Knowing just a little bit about how septic systems work can save you a costly septic bill repair sometime in the future. There are lots of styles and variations, but this photo/diagram shows a set up that is commonly seen in Northern Michigan.
Everything your sinks, toilets, dishwashers, garbage disposals and washing machines get rid of goes into your septic system. That's a lot of "stuff" everyday. Once it goes into your tank, it settles and divides into three main divisions. The solids sink to the bottom and begin to build up over time; we'll call that "sludge." (That will need pumped out someday.) The greases, oils, and fats are lighter than water, and float to the top, which create a "scum" layer. The middle layer will be the waste-water section as the picture above clearly shows. The water, and the water only, is designed to flow out into the drain field and settle and be filtered in the soils.
This is obviously an over-simplified explanation, but basically, the septic tank's job is to allow those three main things to divide. We want the sludge to sink and stay there until the next pumping. We want the scum to stay where it is, and hopefully the good bacteria will work on it. We want the water, and ONLY THE WATER, to exit the tank into the drain field where the microbes in the soil will digest and remove most of the contaminates from the wastewater before it eventually reaches the ground water.
AND THAT'S WHY IT IS NOT A TRASH CAN!
If you flush household chemicals and poisons into your tank, you can kill the "good bacteria" that is helping your tank do its job properly. Those chemicals can also go through your drain field and work its way into nearby lakes, streams, ponds or into your family's or pet's drinking water. If you dump diapers, cat litter, cigarette butts, floss, or anythings that doesn't break down easily or that could clog your system somewhere between your house and the end of the drain field, well, let's just tactfully say you'll have "a mess" on your hands. And if that's not what gets your attention, then maybe a costly repair bill will.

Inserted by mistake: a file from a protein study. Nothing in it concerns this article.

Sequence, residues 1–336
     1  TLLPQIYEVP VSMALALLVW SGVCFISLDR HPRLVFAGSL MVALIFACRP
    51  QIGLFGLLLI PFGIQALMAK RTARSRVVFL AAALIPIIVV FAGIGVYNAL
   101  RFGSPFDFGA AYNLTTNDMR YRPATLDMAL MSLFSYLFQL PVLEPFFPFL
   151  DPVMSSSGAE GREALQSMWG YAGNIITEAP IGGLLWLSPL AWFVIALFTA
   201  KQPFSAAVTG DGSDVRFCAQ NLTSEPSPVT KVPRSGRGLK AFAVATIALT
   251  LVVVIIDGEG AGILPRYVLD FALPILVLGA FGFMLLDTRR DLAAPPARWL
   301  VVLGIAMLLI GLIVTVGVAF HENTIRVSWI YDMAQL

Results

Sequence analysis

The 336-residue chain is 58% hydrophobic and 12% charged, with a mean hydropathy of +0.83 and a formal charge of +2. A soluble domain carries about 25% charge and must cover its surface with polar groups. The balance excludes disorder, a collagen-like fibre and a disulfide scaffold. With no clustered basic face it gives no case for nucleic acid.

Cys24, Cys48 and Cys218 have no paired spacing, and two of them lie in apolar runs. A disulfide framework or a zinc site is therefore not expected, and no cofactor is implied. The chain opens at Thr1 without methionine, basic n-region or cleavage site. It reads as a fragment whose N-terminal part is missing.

WHAT YOU SHOULD NEVER FLUSH!
*Cooking Grease and Oil
*Cotton Swabs and Cigarette Butts
*Paper Towels and Flushable Wipes
(Yes, "Flushable" Wipes should not be flushed! They were a horrible invention.)
Although this isn't an exhaustive list, there are few other factors that can affect how healthy your septic system is:
*Design or installation. Being buried in the ground, defects can be hidden or go undiscovered even to a real Expert Professional like a Septic Tank Contractor. Compaction and soil conditions can also effect how well your drain field performs over time.
*The amount of water the Occupants use. For example, an elderly widow who does two loads of laundry a week sells her home to a Couple with three teenagers who love to take 20 minute hot showers twice a day. A system that was working great before is now being taxed beyond limits.
*A system not maintained. Septic tanks should be regularly checked, and solids and scums need removed before they can make their way into the drain field. They should be pumped every few years depending on the size of the tank and the amount of usage by the occupants. When the Septic Company comes to pump your tank, ask questions and get any input you can. They will suck out all the contents, and that is really the only time the real condition of the tank can be discovered.
For a Full Functional Maintenance Inspection, a licensed Septic Contractor will give you the most thorough comprehensive Inspection which will often include having the tank pumped at the time of inspection to best inspect the inside of the tank and other components hidden by the tank's contents.
Home Inspectors are Generalists. "A FRESH LOOK" Home Inspection Services, Inc, will perform a Routine Maintenance Inspection with the goal of determining if the septic system was working properly-at the time of inspection. After collecting any available data from county sources, we will find and locate your tank, lid, and drain field before performing a Functional Water Flow stress test into the leach field to determine if there is any blockage or saturation. We will provide you with a written report that includes digital photo documentation of our findings, which will in most cases satisfy the requirements set forth by lenders as related to financing. Different lenders have different requirements, so check with yours.
In addition, at your request, we will make arrangements for the tank to be pumped at the time of inspection. Call for further details and pricing for that option.
Unfortunately, there is no absolute way to determine or predict how much longer an existing system will continue to function properly and handle adequately a home's water disposal needs. Many factors come into play; for example, what is put into the system and how much is put into the system. Additional factors include seasonal and soil conditions, present water table levels, and how often the tank is pumped and/or inspected to catch functional problems early.